North American Network Operators Group

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Re: Denial of service attacks apparently from UUNET Netblocks

  • From: David Lesher
  • Date: Wed Oct 08 00:35:12 1997

Dalvenjah FoxFire sez:
> > Just want to make sure all parties here do not think ANI == CNID.
> I realize this is probably something one learns in Telco 101, which I
> haven't taken, but if CNID == Caller ID, wouldn't ANI be *more* useful?

They came up from different requirements; using different

> Or does CNID report the number regardless of Caller-ID blocking on PRI
> lines/etc?
> (I'm assuming that CNID == standard Caller-ID as it appears on POTS, and
> that ANI == the special service that 800-lines get that *always* reports
> the number, regardless of blocking..if I'm wrong, I'll accept the LART.)

ANI is a BILLING number. Call an 500/800/900# line & that is what
they see.  Ex: All 5280 lines at Engulf and Devour will report
the main billing number of 666-7836.

CNID is the calling number. {IN THEORY} even in a large system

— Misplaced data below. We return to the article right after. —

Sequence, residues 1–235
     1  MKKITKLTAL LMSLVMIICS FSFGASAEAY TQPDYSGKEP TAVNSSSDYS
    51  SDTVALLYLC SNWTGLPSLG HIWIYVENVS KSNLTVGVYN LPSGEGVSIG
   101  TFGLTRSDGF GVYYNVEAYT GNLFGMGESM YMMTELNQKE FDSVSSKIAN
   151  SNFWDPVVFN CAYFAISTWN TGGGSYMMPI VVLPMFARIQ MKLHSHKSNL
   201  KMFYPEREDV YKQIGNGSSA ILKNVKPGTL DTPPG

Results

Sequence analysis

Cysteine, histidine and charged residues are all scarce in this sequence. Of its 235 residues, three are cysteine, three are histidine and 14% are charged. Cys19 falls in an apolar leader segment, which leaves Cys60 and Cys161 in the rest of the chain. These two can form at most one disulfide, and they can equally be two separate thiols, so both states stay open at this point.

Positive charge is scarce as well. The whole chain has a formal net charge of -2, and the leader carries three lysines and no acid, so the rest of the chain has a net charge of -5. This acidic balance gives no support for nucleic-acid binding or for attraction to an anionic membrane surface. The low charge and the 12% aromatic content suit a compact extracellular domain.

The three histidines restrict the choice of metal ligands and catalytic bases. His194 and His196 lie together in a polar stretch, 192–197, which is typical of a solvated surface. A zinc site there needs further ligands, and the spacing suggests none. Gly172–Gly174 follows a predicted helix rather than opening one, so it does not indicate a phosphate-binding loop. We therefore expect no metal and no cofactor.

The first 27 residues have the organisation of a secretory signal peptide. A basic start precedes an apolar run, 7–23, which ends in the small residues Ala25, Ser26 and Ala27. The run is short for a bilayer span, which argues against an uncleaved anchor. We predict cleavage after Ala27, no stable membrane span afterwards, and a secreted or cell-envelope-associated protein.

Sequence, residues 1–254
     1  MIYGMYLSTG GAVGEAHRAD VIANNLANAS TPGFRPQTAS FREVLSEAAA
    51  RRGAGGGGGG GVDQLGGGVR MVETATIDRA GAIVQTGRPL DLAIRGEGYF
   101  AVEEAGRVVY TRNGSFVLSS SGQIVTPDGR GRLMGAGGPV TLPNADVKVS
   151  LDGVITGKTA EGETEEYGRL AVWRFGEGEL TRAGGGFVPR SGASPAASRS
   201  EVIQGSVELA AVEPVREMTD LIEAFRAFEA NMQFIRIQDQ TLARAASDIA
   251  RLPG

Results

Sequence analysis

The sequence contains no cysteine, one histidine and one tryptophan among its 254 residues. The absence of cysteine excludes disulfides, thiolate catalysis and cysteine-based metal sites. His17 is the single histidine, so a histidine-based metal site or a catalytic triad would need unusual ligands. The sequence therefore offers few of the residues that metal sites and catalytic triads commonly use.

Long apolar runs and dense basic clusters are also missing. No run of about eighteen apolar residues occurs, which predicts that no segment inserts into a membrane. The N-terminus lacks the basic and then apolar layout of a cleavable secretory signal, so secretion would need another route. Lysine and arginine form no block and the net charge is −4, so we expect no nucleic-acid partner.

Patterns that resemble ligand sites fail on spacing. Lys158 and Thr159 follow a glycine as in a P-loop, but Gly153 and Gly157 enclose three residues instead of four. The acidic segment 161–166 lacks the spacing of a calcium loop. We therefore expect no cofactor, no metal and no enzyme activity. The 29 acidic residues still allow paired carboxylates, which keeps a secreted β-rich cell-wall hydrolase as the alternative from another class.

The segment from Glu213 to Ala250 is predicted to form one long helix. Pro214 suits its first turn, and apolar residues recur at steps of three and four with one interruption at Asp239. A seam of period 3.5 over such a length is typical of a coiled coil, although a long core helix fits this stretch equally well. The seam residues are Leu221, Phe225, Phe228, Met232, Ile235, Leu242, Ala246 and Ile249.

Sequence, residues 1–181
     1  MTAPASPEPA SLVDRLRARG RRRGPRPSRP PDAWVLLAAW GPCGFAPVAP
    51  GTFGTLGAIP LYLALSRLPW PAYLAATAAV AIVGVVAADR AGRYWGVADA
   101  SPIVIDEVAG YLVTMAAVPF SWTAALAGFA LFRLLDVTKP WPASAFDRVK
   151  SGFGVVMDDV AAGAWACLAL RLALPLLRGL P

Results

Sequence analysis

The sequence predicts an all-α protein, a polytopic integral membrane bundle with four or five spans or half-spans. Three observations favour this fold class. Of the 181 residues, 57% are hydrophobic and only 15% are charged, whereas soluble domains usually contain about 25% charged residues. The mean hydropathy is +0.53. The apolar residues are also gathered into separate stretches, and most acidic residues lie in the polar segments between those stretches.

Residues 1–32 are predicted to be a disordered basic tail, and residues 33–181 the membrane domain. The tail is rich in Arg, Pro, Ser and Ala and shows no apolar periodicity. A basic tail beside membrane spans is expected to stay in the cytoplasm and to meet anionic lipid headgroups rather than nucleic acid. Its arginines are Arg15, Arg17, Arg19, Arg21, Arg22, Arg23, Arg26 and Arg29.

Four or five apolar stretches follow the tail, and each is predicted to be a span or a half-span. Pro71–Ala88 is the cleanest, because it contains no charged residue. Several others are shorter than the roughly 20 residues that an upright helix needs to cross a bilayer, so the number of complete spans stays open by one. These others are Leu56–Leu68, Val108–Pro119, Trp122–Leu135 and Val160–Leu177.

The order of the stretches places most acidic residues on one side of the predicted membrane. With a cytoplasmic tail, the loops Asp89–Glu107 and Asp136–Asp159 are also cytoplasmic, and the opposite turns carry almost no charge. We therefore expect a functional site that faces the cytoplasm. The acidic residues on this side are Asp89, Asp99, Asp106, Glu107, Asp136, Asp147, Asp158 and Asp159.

[university] the calling number /"extension" appears. But... often
times there are PBX's with outgoing-only trunks {Why? a history of
crude signaling schemes, mostly...} that even if they do ring in;
they end up somewhere else than you intended...

ANI is not blockable. CNID is. The block can be ignored by the
final switch, however, if you are "privileged" enough. And if you
want to spend the $$ [i.e. Fort Meade..] you get dedicated outgoing
trunks that don't pass SS7 at all.

A host is a host from coast to [email protected]
& no one will talk to a host that's close........[v].(301) 56-LINUX
Unless the host (that isn't close).........................pob 1433
is busy, hung or dead....................................20915-1433